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Georgia lawmakers aim to define antisemitism in new bill

House Bill 30 would define antisemitism making it possible to stiffen penalties for hate crimes.

ATLANTA — Georgia lawmakers are considering a new definition of what antisemitism is in the wake of what appears to be rising anti-Jewish sentiment in metro Atlanta.

For the past two years, residents in several communities across Georgia are reporting anti-Jewish flyers showing up at homes including in Cartersville, Sandy Springs, Dunwoody, and more recently Athens.

A Cartersville resident told 11Alive's Erica Murphy she sees these types of letters often at her home and wants something done about it.

But police there say anti-Jewish flyers have been sprinkled around neighborhoods for years and there’s nothing they can do about it because it's an issue of free speech.

Policymakers see the loophole which is fueling the inspiration for House Bill 30, which is aimed at defining what antisemitism is.

The bill stalled out earlier this week but was revived Thursday.

“The Jewish community is less than two percent of the American population but we make up 60 percent of religiously-motivated hate crimes," Julie Katz of the American Jewish Committee said. "So it's really important that people know what antisemitism is because if you don’t know you can’t fight it."

Katz’s organization has a big stake in whether the bill passes and came out to the Capitol Thursday to lobby in support of it being adopted.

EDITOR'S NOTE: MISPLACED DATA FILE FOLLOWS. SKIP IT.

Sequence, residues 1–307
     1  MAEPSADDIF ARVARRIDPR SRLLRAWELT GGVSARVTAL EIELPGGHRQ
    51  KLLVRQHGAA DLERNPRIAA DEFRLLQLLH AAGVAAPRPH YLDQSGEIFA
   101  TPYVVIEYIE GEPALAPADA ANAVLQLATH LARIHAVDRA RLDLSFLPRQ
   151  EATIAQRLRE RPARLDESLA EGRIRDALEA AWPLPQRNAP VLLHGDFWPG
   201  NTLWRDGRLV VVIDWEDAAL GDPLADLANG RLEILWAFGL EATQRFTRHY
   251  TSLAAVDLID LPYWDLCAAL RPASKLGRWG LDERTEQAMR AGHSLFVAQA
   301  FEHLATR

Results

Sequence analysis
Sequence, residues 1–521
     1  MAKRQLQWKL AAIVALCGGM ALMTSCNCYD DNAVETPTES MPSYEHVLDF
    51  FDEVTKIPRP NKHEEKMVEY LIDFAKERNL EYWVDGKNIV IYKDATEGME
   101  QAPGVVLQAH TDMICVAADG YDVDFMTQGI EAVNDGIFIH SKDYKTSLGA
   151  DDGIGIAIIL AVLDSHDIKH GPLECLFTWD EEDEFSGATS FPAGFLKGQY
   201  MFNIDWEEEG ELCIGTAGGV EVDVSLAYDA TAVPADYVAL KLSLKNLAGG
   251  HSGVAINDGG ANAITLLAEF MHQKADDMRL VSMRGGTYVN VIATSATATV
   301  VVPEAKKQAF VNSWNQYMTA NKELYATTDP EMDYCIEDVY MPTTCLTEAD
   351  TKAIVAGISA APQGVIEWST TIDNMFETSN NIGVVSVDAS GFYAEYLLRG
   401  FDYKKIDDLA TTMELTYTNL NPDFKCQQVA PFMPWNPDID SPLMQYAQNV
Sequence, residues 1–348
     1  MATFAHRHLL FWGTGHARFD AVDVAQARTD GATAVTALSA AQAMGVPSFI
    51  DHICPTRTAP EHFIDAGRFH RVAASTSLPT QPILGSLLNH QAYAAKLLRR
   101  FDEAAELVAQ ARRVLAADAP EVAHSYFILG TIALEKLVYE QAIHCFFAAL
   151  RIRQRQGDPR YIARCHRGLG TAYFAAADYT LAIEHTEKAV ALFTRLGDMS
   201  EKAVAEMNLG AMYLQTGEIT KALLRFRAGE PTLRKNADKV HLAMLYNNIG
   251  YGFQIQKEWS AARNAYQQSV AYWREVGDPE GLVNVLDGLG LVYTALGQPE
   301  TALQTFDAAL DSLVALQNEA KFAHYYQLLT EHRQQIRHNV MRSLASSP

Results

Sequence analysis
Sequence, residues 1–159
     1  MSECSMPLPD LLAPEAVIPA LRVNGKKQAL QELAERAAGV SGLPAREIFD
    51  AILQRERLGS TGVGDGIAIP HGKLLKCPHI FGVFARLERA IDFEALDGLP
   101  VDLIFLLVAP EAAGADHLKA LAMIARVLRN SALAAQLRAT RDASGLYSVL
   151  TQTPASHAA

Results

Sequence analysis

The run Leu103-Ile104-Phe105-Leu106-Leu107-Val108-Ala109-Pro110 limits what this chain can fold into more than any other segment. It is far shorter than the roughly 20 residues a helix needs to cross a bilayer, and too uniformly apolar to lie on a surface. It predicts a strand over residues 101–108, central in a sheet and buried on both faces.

Some of the language to define antisemitism was a big sticking point.

“The definition was awful and the senator hadn’t even talked to a member of the Jewish community," Rep. Esther Panitch said outside the Capitol Thursday. Panitch said she has been previously targeted by offensive antisemitic literature.

"I’m the lone Jewish member of the legislature. The least he could have done is checked to see if it passed muster. I knew within seconds of seeing it. It was bad," she said.

Panitch says hashing the language out has been a challenge but she’s hoping her colleagues will do the right thing and push the bill through.

She explained the bill has one more committee before making it to the Georgia Senate floor.

The last day of the legislative session is March 29. That means the bill would need to be sent to Gov. Brian Kemp by then to become law this session.

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